Vehicle thefts are down, way down in the United States. Fewer vehicles were reported stolen in 2011 (the most recent year for which stats are available) than in any year since 1967. Still, over 730,000 vehicles went missing during the year, and many of those thefts were avoidable. According to the National Insurance Crime Bureau (NICB), a not-for-profit organization dedicated to fighting insurance fraud and crime, of the top ten most stolen vehicles of 2011, only two were SUVs or minivans: The 2000 Dodge Caravan (#5) and the 2002 Ford Explorer (#9). That's no excuse to get complacent. If you've ever had a vehicle stolen (I have), you know what a miserable experience it can be. Here are a few easy-to-follow tips to help protect yourself against SUV and minivan theft:
1. Lock your SUV. Take your keys.
Believe it or not, according to the National Highway Traffic Safety Administration (NHTSA), 40 - 50% of vehicle theft is due to driver error, like leaving the vehicle unlocked with the keys in the ignition or in plain sight on the seat or dash.
2. Park smart.
If you've got lockable garage space, use it for your SUV. Many of us use our garages as storage space for things we don't know what to do with, and leave our SUVs parked in the driveway or on the street. Clean out that garage, and make room for your SUV. When you can't park in your own garage, park in a well-lit, high traffic area.
3. Don't leave packages or valuables visible in your SUV.
One sacrifice that you make when you drive an SUV or minivan is covered, securely locking trunk space. Some SUVs come with cargo or luggage covers. Use them if you've got them. Never leave a GPS unit or cellphone on top of your dash or center console. I also advise you to hide the cables and mounts inside your center console or glove compartment. Stereo thefts are down, because OEM head units are very difficult to remove and reinstall. But accessories are hot, so keep them out of sight, or better still, in your pocket.
4. Leave your third row at home.If you aren't going to be using your removable third row seat, leave it at home. Third row seat theft has become somewhat of an epidemic across the country. A new replacement seat can cost upwards of $1,400, while used examples sell for $400 to $700 at salvage yards, making them hot commodities. Unlike many other vehicle parts, like doors, engines and body panels, third row seats are not required to be stamped with an identifying number or code at the point of manufacture, so law enforcement can't tell if that used seat is stolen or just salvaged. Keep an eye out for local clinics, when police, automobile clubs and/or insurance companies offer free engraving services for windows, third row seats and catalytic converters.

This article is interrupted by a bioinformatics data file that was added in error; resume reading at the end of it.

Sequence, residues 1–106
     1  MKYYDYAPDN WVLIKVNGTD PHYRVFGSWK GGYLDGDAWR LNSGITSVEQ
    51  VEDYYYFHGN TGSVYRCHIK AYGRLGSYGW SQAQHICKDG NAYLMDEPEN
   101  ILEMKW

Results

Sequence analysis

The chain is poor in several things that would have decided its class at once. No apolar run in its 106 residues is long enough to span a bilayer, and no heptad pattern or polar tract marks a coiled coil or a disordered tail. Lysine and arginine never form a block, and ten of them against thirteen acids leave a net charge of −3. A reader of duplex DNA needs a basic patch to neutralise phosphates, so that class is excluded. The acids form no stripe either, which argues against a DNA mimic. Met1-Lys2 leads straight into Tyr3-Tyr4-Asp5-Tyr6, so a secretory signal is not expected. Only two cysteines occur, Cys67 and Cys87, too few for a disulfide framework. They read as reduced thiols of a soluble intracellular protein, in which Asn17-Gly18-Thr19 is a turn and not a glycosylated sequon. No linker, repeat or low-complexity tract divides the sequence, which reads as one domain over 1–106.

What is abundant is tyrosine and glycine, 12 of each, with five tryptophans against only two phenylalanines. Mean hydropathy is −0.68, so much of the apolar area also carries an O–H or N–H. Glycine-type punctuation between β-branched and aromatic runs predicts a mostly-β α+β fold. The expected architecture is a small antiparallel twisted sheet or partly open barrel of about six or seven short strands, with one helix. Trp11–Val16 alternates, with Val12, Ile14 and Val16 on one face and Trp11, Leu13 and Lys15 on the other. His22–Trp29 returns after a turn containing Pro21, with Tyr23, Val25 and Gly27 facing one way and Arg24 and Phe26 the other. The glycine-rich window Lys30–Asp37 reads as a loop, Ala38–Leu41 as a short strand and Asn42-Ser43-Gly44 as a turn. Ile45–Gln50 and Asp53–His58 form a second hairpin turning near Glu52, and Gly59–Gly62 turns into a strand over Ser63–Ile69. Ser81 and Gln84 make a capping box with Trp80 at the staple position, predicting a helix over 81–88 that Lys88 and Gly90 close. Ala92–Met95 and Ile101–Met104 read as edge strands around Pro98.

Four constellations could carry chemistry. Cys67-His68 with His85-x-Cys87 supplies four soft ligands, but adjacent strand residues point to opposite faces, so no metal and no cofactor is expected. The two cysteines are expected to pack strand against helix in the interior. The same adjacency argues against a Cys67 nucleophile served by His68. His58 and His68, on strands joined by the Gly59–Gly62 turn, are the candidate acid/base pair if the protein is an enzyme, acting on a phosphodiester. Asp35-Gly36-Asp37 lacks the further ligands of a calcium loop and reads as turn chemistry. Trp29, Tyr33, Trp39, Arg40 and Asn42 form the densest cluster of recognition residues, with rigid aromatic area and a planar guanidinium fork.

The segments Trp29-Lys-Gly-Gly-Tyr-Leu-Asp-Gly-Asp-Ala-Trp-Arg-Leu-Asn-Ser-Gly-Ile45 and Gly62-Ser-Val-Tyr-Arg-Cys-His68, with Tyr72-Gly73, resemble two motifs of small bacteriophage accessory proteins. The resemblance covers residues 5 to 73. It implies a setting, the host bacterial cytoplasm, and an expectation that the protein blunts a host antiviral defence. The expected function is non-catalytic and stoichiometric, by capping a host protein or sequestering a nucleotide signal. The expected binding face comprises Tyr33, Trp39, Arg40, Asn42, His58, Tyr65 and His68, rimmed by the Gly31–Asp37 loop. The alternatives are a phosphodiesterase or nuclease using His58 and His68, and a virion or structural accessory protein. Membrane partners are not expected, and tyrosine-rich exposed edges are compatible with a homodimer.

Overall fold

5. Never leave the area while your vehicle is running.
This should be a no-brainer, but some owners still leave their vehicles running to warm up during the dead of winter, or to cool down during the heat of summer. A running vehicle with no occupants is a sure target for an opportunistic thief, and may even be tempting for a misguided youth. Don't make it so easy for someone to drive away in your SUV.
6. Adopt a layered approach to protection.
This tip comes from the NICB. The layers of protection are: 1. Common Sense; 2. Warning Device; 3. Immobilizing Device; and 4. Tracking Device. Common Sense includes all of the tips that we've discussed, starting with removing keys from the ignition. A warning device is a "visible or audible device which alerts thieves that your vehicle is protected," like an alarm, window etching or steering wheel lock. An immobilizing device like a smart key may already be built into your new vehicle. You can also add a kill switch or fuel disabler. The final layer of protection, tracking device, comes into play when all the other layers have failed.
7. Never hide a spare key in or on your vehicle.
This tip comes from the Automobile Club of Southern California. Thieves know all about Hide-a-Keys, and they are very adept at searching above your sun visor, in your glove compartment, under your floormats and in your ash trays for a spare ignition key.
8. Park with your wheels turned toward the curb, and engage your parking brake.
Any small thing you can do to make it more difficult for an unauthorized party to tow your SUV away is worthwhile. The side benefit is that it's safer to leave the parking brake engaged while the vehicle is parked anyway, so you're killing two birds with one stone.
9. Drop a card with your contact information inside your car doors.
This tip comes from NHTSA. They suggest sliding a business card, mailing label or other identification between the window and door so that it disappears inside the door. That way, if your SUV is ever stolen and recovered (even in pieces), law enforcement will have an easier time getting in touch with you.
10. Disable your vehicle if you must leave it parked for an extended period of time.
If you're going away on a long vacation, consider removing the battery from your SUV or minivan before you leave -- especially if your vehicle is going to sit in your driveway while you're away. On some vehicles, you may be able to remove an ignition cable, distributor wire or fuse without using any tools. Ask your mechanic for advice about an easily reversible way to disable your vehicle.
I hope this helps you avoid the horrible feeling of seeing broken glass and an oil stain where your beloved SUV or minivan used to be.